There are luxury goods that last forever, and then there are luxury goods that you can literally swallow. Among the latter, Cristal champagne is the crème de la crème of lavish consumables. Just look at the price tag! But why exactly does it cost $269 and up for just a few narrow, fizzy, delicious glasses? Alongside Bridget West, a certified sommelier, French wine scholar and Champagne Master who works at The WineSellar and Brasserie, we’re popping the cork on some answers.
Seriously, how can any fermented, effervescent grape juice cost more than $200?
First of all, these aren’t just any grapes. This is champagne literally fit for kings: It was first served in 1867 to the king of Prussia and the czar of Russia as part of what sounds like a modest meal: It lasted 16 courses and eight hours (the year of the grapes in that champagne was 1847).
In 1876, Czar Alexander II asked that same winemaker, Louis Roederer, to craft a custom champagne for his royal family. Roederer responded with Cristal, served in a clear crystal bottle (which was commissioned by a Flemish glassmaker, West says). Like many royals, Alexander was wary of being assassinated, and he asked for a clear bottle in order to better detect poisoning, and a flat bottom, so that bombs(!) couldn’t be hidden inside the indentation on the bottom of the bottle, known as the punt. To this day, Cristal bottles have both of those things — and although Alexander was still assassinated five years later, at least he didn’t fall victim to a champagne booby trap.
So, Cristal’s got a lot of history on its side. Even the vines that produce it are the Roederer estate’s oldest: 25 to 30 years old at a minimum, and as old as 60 years.
History, got it. Anything I should care about as someone who’s basically going to be pissing it out again in a couple hours?
As West explains, the reason any good champagne is expensive is the time it sits in a bottle, maturing. Such a winemaker is sitting on their profit for longer than one who release wines yearly. That’s another thing that sets Cristal apart from other champagnes. “Cristal is a vintage product,” West says, “so that means that they only release on good vintages.” In the 21st century (up to 2012, the most recent vintage you can buy), Cristal wasn’t released in 2001, 2003 and 2010 simply because it wasn’t deemed good enough. So there’s a real supply-and-demand issue at play.
What about the hip-hop factor?
Well, rappers had been rhyming about other bottles for some time: Moet, Asti, Dom… anything, really. There’s some debate over who was the first to rap about Cristal: It’s thought to have been Rakim, although Raekwon was the first to really popularize it (here’s his full explanation on how he was introduced to the clear-bottled bubbly). After that, it became a hip-hop trope, as Diddy and Jay-Z seemed to always find a way to insert Cristal into every one of their tracks. Think about all that free exposure Cristal got from hit song after hit song!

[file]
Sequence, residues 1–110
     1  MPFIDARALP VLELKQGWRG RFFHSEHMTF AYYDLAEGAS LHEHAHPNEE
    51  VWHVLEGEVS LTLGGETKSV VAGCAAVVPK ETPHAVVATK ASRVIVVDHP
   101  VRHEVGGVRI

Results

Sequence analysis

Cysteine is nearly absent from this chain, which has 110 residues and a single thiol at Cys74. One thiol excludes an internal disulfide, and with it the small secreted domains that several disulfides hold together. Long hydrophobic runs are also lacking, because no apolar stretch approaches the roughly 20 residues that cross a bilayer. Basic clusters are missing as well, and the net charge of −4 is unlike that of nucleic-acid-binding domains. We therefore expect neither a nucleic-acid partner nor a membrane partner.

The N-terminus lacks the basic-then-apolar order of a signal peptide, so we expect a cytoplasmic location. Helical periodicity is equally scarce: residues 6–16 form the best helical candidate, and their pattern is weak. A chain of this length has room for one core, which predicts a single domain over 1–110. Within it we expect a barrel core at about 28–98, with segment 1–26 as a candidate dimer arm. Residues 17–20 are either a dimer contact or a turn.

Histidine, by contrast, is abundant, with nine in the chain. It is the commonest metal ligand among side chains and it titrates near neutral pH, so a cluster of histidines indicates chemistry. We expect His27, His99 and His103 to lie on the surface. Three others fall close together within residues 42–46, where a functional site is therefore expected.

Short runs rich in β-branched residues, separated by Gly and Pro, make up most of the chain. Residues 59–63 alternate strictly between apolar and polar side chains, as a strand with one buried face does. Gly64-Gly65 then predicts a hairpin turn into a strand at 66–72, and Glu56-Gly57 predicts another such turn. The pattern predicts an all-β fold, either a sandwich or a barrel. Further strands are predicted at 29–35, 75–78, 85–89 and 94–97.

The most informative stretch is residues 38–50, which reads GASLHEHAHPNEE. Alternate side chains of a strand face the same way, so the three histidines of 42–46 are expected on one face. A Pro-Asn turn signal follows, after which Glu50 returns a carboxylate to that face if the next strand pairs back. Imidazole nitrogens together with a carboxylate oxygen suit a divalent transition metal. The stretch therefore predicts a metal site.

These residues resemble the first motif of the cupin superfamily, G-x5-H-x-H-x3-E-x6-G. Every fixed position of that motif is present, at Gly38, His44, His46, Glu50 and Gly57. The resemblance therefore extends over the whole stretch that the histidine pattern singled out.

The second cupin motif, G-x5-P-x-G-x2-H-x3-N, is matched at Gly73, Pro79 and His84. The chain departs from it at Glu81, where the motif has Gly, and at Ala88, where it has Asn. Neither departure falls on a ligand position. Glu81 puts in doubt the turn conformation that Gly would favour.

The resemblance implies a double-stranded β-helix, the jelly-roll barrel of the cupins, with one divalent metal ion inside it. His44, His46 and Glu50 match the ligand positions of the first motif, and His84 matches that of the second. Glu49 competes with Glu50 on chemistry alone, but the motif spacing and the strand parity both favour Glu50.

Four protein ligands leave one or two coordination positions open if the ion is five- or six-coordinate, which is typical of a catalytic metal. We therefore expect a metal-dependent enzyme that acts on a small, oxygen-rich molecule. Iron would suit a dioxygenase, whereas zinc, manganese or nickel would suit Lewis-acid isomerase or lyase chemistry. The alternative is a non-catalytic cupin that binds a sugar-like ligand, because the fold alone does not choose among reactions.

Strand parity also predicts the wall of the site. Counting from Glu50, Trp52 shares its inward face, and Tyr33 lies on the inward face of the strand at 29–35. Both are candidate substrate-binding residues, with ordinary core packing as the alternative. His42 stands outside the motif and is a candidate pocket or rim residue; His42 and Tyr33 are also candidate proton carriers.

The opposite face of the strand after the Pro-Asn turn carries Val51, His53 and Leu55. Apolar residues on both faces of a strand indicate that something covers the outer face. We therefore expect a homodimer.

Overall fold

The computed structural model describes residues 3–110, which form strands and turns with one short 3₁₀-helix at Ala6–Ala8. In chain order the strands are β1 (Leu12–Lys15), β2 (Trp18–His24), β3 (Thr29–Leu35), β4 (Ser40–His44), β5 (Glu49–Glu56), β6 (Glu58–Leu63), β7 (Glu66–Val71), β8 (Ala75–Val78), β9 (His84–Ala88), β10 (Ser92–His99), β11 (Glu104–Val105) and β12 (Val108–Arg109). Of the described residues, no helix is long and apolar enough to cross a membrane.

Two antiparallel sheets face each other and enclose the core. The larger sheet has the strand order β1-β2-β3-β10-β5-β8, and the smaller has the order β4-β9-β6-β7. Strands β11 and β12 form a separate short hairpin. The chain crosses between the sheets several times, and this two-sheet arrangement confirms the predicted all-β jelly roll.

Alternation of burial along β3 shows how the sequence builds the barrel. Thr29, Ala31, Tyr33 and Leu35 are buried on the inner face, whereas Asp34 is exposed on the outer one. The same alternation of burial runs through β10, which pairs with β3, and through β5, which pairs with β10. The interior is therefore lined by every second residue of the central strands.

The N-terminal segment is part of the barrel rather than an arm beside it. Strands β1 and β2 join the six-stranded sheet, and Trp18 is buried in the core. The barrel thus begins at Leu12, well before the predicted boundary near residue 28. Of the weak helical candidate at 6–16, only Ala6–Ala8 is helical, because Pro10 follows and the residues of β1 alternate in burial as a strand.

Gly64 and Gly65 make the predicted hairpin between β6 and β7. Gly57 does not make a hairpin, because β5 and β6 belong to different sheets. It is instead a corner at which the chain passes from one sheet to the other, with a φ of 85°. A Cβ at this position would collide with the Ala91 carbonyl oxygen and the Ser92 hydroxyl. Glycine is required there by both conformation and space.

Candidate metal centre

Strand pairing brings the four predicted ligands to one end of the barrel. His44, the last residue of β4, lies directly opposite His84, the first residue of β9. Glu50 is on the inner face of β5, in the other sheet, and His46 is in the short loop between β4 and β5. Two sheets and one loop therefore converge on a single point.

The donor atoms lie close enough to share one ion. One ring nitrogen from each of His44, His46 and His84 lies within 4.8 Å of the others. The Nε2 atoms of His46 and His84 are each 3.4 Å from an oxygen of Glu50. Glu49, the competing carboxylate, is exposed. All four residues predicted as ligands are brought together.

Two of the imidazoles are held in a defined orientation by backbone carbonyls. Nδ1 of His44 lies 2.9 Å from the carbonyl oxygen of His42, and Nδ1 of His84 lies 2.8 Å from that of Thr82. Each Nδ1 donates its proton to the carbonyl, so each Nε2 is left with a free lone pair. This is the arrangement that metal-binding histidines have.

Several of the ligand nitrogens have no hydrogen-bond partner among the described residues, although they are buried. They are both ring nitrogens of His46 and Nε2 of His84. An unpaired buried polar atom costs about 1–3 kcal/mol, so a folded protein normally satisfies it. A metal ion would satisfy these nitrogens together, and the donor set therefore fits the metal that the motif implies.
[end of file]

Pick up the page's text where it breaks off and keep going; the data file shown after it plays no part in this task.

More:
Yes, Cristal had a great thing going with this demographic — until 2006, that is, when Louis Roederer’s director expressed ambivalence about Cristal’s popularity in the hip-hop world, going on to say, “But what can we do? We can’t forbid people from buying it.” That was enough for Jay, who perceived it as a racist remark and vowed never to drink or promote it again, and others followed.
Also of note: Before Tupac Shakur joined Jimmi Hendrix, Jim Morrison and Kurt Cobain in the great gig in the sky, he was an aspiring mixologist who shared a truly horrifying cocktail recipe in a song named after his creation: 1 part Cristal, and 1 part Alizé.
Indeed. Let’s move on, shall we?
So is Cristal actually any good? Or is it just conspicuous consumption?
Oh yes, it is, West assures. “The 2008 is one of the most highly regarded vintages of the century,” she says. It was released only last year, and scored a perfect 100 points from Wine Enthusiast, which is a really big deal. “It’s hedonistic — in the best sense of the word!” she continues. And Cristal gets even better the longer you hold onto it. “If you’re drinking it too soon it’ll still be beautiful, but you won’t have the full composure of it till later,” she explains. “With age you’ll get more of brioche, the caramel notes, the orange — all those things you really love about champagne.”
How long should you wait to drink it?
“You could go 20-plus years, if not more,” West says. That perfect-score bottle from 2008 is already 11 years old, which means it’s got a long way to go to get even better. There’s a long timeline to top champagne, which feels almost charmingly out of sync with our warp-speed, instant-gratification way of life.
What’s with the gold wrapper?
That was originally for protection from sun and light. Since it’s not in a dark green bottle like most wines and champagnes, Cristal is prone to being “light-struck,” which is, in a nutshell, when wine (or beer) turns to shit due to sun exposure. West says it’s similar — the smell, at least — to when flowers sit in the same water for too long. The gold foil still serves that protective purpose, but it’s also become a signature part of the brand — an extra little flourish on an already lavish item. The clear bottle still serves to reveal the champagne’s clarity, and the wrapper ensures the integrity of it.
So is Cristal worth it, or not?
In the same way that any nice, i.e., expensive things are “worth it,” yes — it’s a rare and special wine, it’s got a unique history, and when people see a bottle, they know you mean business. If you’ve got more money than you know what to do with, why not buy yourself a pricey hangover?
“I think it’s worth it,” says West. “Champagne is one of those things that can make any day really special — and Cristal, it turns heads.” So if your idea of a good time is more about being seen to have a good time than it is actually having one, well, Cristal seems like a safe bet.